A FAMOUS GROUSE
THANK heavens for Helen Zille. Here we were all were, poised yet again at the abyss — in this case, the “self-made” social grants catastrophe — and the Premier valiantly offers us a fresh distraction with which to eagerly whip ourselves into frenzied outrage.
Her comments on Twitter on Thursday morning about the allegedly positive aspects of the legacy of colonialism have dismayed her colleagues in the DA, many of whom are now wondering whether it is only remedial surgery that will get that smartphone out of her little paws.
Perhaps it was the jet lag. Zille was returning from a trip to Japan and Singapore to boost trade between the two countries and the Western Cape and she was in transit at OR Tambo International Airport when she took to social media.
She has since apologised, according to her spokesman, Michael Mpofu, for a tweet that “might have come across as a defence of colonialism”.
However, it was Zille’s other tweets that morning that gave us problems, here at the Mahogany Ridge.
She was evidently very impressed with what she saw in Singapore — and it’s perhaps not difficult to understand why.
“A political scientist who visits Singapore,” the New Yorker correspondent Stan Sesser has written, “would regard the island nation as fascinating, since its authoritarian government functions in many ways like that of a Communist state yet is dedicated wholeheartedly to the pursuit of capitalism.
“An economist would consider Singapore instructive, because there is no better example of a country that has gone from poverty to riches through good economic management. A sociologist looking at rules and regulations would call Singapore unique in the world. But more casual visitors might characterise Singapore differently, often by using the word ‘dull’.”
Zille tweeted, “I think Singapore lessons are: 1) Meritocracy; 2) multiculturalism; 3) work ethic; 4) open to globalism; 4) English. 5) Future orientation.” And then, “Other reasons for Singapore’s success: Parents take responsibility for children, and build on valuable aspects of colonial heritage.”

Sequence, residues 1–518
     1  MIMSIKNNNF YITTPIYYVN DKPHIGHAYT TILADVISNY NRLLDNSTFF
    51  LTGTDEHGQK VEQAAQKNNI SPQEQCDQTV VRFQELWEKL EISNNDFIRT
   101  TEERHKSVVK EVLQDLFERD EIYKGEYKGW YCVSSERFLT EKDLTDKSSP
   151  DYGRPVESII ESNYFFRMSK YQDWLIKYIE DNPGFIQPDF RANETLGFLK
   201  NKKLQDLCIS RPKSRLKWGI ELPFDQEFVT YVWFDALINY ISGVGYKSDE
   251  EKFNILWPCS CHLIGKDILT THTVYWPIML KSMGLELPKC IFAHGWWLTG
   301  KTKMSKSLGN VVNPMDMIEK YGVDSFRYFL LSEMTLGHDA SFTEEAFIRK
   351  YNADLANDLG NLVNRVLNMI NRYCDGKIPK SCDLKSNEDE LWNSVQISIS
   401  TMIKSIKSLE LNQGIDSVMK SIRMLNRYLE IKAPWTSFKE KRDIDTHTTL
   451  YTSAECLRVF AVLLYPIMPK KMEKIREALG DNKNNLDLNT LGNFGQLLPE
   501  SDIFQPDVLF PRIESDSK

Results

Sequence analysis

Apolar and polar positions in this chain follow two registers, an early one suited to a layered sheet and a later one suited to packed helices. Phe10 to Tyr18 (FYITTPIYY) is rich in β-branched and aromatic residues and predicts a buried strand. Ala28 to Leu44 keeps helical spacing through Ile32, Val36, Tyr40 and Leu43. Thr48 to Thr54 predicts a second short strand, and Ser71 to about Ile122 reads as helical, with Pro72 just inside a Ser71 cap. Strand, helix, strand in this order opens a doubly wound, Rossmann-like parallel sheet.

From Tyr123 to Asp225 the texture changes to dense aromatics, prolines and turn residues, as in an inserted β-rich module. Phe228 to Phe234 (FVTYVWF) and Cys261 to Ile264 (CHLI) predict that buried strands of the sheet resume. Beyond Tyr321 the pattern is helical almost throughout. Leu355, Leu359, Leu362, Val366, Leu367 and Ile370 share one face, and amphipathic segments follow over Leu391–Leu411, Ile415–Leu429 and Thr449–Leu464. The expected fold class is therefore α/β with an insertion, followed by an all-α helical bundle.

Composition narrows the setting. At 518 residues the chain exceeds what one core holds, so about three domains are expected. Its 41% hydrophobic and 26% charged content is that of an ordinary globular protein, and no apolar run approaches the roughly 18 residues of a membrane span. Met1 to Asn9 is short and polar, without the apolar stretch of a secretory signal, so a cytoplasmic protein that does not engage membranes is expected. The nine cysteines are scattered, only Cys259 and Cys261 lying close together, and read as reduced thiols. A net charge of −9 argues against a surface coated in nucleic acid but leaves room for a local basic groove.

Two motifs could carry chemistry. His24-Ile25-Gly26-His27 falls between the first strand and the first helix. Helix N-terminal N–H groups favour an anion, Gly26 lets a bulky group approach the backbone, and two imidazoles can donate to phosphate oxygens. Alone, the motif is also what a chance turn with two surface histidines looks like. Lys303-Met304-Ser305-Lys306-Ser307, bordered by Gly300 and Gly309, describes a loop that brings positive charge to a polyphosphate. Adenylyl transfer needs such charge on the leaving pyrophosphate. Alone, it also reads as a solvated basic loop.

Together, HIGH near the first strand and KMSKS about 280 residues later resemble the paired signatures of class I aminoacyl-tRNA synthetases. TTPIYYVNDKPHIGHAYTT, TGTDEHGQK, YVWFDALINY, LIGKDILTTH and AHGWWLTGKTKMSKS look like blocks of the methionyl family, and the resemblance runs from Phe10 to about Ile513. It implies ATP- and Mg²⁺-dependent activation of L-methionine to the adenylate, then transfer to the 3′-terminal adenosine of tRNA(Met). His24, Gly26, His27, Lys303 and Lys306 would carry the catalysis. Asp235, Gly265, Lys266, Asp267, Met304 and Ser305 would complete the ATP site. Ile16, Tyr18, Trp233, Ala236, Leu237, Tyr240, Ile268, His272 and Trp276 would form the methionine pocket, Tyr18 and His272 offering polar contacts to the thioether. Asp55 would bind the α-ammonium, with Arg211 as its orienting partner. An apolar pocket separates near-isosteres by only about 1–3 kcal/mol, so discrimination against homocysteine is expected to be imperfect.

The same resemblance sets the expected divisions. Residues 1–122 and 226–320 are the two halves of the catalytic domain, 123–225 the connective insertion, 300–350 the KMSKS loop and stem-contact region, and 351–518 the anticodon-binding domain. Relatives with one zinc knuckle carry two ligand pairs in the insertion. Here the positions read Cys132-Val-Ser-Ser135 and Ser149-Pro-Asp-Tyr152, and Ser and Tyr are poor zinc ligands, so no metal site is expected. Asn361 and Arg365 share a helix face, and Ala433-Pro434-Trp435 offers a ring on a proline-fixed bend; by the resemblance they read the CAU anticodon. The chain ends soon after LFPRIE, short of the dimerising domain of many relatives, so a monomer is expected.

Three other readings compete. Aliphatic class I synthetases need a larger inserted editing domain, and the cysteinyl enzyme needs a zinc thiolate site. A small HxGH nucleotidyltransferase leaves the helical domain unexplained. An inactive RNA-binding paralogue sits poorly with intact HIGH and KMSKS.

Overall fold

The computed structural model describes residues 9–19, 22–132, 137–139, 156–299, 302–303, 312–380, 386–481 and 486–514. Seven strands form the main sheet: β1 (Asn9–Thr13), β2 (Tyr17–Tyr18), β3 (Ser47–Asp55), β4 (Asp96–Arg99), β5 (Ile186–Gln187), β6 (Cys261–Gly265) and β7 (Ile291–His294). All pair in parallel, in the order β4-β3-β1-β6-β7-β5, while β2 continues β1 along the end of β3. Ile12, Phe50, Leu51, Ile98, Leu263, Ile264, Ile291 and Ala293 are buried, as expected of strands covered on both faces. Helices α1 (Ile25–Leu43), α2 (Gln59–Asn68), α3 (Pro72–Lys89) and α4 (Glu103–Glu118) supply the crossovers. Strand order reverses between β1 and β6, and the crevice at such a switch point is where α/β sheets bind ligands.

Here are some other lessons.
Singapore is a deeply flawed democracy, a “benevolent” dictatorship. The ruling centre-right People’s Action Party has been in power since 1959. In the 2015 elections, it won 83 of the 89 parliamentary seats. The political environment is stifling and its citizens continue to face severe restrictions on rights to freedom of expression, association and peaceful assembly.
In 2014, Singapore was ranked 153rd of 180 nations on Reporters Without Borders’ Press Freedom Index. Publications are banned. Print media is controlled by government, and political bloggers and online media outlets are regularly targeted for prosecution with vague and overly broad legal provisions on public order, morality, security, and racial and religious harmony.
In August last year, the UN special rapporteur on freedom of expression, David Kaye, criticised Singapore’s “broadening crackdown on controversial expression, as well as political criticism and dissent,” noting that the increased criminalisation of speech was in breach of the country’s international obligations.
Very few governments publicly comment on Singapore’s poor human rights record. It retains the death penalty, which is mandated for many drug offences and other crimes. Since 2012, however, judges have had some discretion to bypass the mandatory penalty and sentence low-level offenders to life in prison. In addition, caning is mandatory for males between 16 and 50 who are convicted of crimes that include drug trafficking, violent crimes and even certain immigration offences.
The treatment meted out to Chia Thye Poh, Singapore’s version of Nelson Mandela, was particularly cruel. Arrested in 1966, he was imprisoned without trial for 23 years for allegedly pro-Communist activities.
Then Chia was placed under house arrest for nine years on Sentosa, a smaller island that is popular pleasure resort. He was confined to a one-room guardhouse while tourists around him played golf or visited the nearby theme park. Chia was also required to pay rent while on Sentosa on the pretext that he was “free”.
He was finally freed in November 1998. He was nominated for the Nobel Peace Prize in 2015.
In short, you’d imagine Singapore would offer up far more lessons for Jacob Zuma than Helen Zille.
It is probably the sort of place the President has in mind whenever he complains of the Constitution getting in his way: the streets are neat and tidy, the citizenry are polite and respectful, knew their place and wouldn’t think of mocking their president — or even question why he wants to gobble up the Treasury.
Certainly, there wouldn’t be any Constitutional Court effectively placing the social grant system into business rescue, labelling his addled social development minister an incompetent disaster and apparently throwing the Zupta machine’s state capture plans into disarray. For now, at least.
This article first appeared in the Weekend Argus.